Big Country’s seventh studio album, Why The Long Face, was released on the newly reactivated Transatlantic Records label in 1995, and while critically well received, did not sell as well as hoped. But on the live scene the band were doing as well as ever; they co-headlined many 1995 European festivals with the likes of Bob Dylan, Faith No More, Black Crowes and Soul Asylum. They then landed the special guest slot on the 1995 Rolling Stones Voodoo Lounge European tour and several shows in the UK and Ireland with Led Zeppelin’s Jimmy Page and Robert Plant later that year.

An unplugged album featuring friends (Steve Harley, Kym Mazelle & Hassam Ramzy’s Egyptian drummers) was released in 1996 after which Stuart decided it was time for a break; he moved to Nashville and the rest of the band did their own thing for a while. In August 1998 they were once again invited to open for the Rolling Stones on their Bridges to Babylon tour in Europe. Some of the best songs on the new album, Driving to Damascus, their upcoming eighth studio album, were written in between these dates.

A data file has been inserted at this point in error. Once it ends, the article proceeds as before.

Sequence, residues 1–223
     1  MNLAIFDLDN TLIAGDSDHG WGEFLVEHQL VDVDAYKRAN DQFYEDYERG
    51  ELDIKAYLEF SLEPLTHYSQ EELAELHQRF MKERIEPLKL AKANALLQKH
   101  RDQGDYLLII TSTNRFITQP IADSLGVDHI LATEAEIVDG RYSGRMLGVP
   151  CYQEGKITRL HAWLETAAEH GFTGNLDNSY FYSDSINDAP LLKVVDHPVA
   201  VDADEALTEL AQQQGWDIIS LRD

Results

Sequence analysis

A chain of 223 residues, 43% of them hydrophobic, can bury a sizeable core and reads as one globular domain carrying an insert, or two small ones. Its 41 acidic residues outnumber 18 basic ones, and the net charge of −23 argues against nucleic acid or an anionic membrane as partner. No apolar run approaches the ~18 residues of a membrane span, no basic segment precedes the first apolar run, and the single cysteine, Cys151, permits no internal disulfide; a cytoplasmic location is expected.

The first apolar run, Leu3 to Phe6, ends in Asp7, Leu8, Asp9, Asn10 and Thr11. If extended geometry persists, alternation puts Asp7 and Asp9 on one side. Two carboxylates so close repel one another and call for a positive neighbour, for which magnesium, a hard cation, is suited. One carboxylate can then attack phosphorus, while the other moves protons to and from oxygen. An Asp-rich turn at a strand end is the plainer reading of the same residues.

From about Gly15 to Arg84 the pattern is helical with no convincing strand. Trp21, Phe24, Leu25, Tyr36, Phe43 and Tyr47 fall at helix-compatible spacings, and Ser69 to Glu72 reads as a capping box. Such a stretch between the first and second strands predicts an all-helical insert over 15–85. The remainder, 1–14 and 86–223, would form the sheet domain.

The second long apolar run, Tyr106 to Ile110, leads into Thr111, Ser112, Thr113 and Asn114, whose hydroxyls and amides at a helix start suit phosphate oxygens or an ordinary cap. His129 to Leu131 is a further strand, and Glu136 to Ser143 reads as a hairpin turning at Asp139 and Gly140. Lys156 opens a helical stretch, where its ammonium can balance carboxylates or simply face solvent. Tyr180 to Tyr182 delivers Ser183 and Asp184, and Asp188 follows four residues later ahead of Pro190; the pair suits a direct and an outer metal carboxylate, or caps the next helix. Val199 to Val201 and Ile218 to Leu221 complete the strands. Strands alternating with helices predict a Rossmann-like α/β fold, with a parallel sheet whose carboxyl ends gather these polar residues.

Two songs (“Somebody Else” and “Devil in The Eye”) were co-written with Ray Davies, who became firm friends with the band after they joined him on the main stage at Glastonbury in 1997 to perform a storming set in the rain. “Both Ray and I pushed each other into areas we wouldn’t normally go,” said Stuart. The first single from the album, “Fragile Thing,” featured Eddi Reader. “We had been mutual admirers from afar and Eddi is one of the finest singers I have ever come across. She took a sideways look at the song and expressed herself,” said Stuart at the time. Eddi also sang backing vocal on “See You, Grace and Bella.”

Big Country is one of the few truly awesome live outfits to have survived the roller coaster ride of the mad Eighties and their star was burning brighter than ever in 1999. The band headlined a Scotland for Kosovo gig in Glasgow, joined by Eddi Reader, Teenage Fanclub, Gun, Simple Minds, Ricky Ross and Midge Ure. The success of this gig led to the band actually performing in September in Pristina, the capital of Kosovo, as part of a multinational all-star bill brought together by Vanessa Redgrave and Bill Kenwright (label partner of band manager, Ian Grant). The band was flown to the gig by the RAF and then shuttled to the venue in a K-FOR armored car. The sight of several thousand Kosovars going wild in a sports arena in the middle of a devastated city was one of the most moving events in the band’s career.